Shane's R2 Build Log
Nothing screams R2-D2 like the dome. It's his essence. His face. It's also one of the most important aspects to get right in a screen-accurate replica build. Put a holo, or worse the radar eye, in the wrong place and most folks will immediately recognize that something is amiss.
The dome I selected for my build came from R2Builders member Daren Murrer. It's made of aluminum and is 300mm in height. It's actually two domes in one. The outermost dome is laser cut, with all of the panels and openings for other components ready to be popped out. The inner dome is solid and needed to be cut appropriately. In newer versions of the dome, Daren laser cuts the inner dome too, which makes things so much simpler. He also provides a super nice baseplate for supporting hardware in the newer versions. But, alas, I purchased my dome from him in 2007 before there was such a thing. My dome did however come with a shiny aluminum dome ring, a polyethylene ring for mounting everything to a Rockler bearing, and all the nuts and bolts needed to do so.
Finishing the Dome
Out of the box, the dome's finish left a lot to be desired. The spin lines were really bad. Some people like that sort of thing, but not me. I wanted a dull smooth shine. And this meant that I had to sand and polish it.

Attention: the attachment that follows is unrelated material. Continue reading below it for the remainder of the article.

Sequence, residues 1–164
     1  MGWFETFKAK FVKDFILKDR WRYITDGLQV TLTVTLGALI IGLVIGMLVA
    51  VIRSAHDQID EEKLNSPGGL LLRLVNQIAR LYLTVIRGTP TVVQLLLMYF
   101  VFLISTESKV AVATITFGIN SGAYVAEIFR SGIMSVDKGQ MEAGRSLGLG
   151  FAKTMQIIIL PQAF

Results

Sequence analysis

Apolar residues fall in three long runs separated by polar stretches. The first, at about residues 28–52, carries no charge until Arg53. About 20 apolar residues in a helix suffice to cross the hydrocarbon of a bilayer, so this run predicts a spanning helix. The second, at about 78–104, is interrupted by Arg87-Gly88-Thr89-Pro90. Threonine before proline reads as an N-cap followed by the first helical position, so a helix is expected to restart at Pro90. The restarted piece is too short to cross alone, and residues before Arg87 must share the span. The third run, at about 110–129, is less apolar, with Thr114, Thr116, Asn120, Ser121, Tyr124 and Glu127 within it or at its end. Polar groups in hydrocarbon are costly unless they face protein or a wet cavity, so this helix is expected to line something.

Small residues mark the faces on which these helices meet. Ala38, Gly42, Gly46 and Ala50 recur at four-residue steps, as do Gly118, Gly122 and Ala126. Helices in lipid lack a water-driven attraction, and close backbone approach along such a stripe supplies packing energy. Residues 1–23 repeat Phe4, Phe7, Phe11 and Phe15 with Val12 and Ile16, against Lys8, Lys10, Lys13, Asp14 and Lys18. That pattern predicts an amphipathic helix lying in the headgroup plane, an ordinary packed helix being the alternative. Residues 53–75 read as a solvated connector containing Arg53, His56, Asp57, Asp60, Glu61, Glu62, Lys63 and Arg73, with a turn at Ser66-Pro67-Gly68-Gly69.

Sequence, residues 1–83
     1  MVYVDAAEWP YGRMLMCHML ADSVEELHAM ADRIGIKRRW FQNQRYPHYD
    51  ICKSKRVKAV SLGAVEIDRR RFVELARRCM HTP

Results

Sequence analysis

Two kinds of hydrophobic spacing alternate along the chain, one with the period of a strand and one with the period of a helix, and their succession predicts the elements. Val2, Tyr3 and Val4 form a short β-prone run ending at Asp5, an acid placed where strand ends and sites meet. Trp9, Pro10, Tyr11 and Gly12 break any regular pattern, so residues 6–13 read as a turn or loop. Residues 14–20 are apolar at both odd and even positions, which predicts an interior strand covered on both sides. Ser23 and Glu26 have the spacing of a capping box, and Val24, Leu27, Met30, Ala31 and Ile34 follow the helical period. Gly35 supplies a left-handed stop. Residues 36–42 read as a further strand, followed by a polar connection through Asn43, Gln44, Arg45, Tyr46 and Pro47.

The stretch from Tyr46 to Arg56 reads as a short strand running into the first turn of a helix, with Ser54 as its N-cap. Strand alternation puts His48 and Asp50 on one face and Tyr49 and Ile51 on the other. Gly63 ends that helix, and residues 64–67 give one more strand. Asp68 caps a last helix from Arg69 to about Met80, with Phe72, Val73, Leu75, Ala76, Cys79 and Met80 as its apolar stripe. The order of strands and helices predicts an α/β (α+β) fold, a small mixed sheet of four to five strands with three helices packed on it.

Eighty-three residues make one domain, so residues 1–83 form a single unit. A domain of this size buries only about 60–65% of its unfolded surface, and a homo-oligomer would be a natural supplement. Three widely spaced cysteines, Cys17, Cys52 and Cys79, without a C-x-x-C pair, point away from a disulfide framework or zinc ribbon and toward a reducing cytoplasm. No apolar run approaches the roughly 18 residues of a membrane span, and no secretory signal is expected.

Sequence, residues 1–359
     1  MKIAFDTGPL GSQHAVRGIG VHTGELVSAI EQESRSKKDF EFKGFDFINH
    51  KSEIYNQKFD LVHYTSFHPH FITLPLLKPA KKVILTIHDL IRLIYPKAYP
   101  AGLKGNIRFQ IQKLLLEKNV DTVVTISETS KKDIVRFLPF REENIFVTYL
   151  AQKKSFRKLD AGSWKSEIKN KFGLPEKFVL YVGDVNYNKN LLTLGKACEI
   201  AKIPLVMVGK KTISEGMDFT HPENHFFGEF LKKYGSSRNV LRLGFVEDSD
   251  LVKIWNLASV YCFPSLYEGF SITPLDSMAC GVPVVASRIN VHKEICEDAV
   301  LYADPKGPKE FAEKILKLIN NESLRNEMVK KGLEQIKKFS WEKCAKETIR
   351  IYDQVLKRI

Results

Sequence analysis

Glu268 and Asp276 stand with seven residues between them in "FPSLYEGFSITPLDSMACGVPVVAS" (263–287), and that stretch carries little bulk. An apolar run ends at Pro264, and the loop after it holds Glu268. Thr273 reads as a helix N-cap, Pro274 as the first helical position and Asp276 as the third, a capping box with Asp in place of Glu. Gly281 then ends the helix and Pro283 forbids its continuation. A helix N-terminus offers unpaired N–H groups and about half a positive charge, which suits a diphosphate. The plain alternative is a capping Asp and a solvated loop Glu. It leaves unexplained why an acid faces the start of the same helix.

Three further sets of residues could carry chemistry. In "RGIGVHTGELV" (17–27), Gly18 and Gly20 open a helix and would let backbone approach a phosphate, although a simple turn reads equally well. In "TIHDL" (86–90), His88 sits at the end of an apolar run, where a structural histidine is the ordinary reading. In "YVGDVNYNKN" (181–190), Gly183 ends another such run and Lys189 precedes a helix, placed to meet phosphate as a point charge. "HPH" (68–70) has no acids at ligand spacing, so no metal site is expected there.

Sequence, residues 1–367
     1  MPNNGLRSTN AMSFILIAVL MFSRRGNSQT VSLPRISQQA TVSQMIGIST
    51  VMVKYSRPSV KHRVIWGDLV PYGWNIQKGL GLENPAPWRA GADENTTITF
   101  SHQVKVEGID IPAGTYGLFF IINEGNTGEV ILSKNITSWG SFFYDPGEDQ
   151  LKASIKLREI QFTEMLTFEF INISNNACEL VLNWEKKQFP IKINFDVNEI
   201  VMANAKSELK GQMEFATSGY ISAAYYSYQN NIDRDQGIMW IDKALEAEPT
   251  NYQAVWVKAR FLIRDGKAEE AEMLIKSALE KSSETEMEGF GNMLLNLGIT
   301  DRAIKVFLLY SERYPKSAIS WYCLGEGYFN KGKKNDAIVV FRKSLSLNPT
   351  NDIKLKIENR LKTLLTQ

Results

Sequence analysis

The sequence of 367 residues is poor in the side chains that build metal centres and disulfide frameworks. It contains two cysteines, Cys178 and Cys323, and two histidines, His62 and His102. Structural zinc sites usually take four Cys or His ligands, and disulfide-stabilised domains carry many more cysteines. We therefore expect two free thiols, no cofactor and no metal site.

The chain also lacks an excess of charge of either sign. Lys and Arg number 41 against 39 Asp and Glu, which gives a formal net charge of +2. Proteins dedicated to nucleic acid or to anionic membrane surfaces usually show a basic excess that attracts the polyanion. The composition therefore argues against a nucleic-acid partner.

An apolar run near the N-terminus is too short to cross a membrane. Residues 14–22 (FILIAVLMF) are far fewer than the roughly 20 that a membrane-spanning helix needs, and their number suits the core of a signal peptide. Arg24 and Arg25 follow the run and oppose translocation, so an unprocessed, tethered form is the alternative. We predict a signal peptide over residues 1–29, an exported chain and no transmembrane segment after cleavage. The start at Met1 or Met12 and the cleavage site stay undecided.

Sanding works better if you don't pop the panels out right away or attempt to mount anything to it. Removing the panels immediately would make the outer dome a bit flimsy and harder to work with. Also, the panels need sanding anyway. So why not do it in one go?
I picked up an assortment of sandpaper in both paper and sponges. All of the sanding I did was wet. I started in with 220 grit, eventually realizing I needed to dial it down to 120 grit. It then went 120, 220, 400, 600, 800, 1000, 1500, and 2000 grit. Hours was spent on this process - easily over 24 hours.
When I finally finished sanding, I broke out a can of Mother's Mag & Aluminum Polish. This is where the magic really happened.
Removing Panels and Deburring
Once I had the finish I wanted, I need to remove all of the panels. The first step here was numbering all of the panels so I could remember what went where. For this, I just took a Sharpie and numbered all of the panels from the inside.
Then it was time for cutting. My tools of choice for this was a hacksaw, a file, a deburring tool, pliers, and some 80-grit sandpaper.
I'd saw a tab off a panel, wiggle it until it popped free, and then file and sand down all of the slag. Wash, rinse, repeat.
Soon, the underside was nice and smooth. It slid on top of the inner dome without an issue.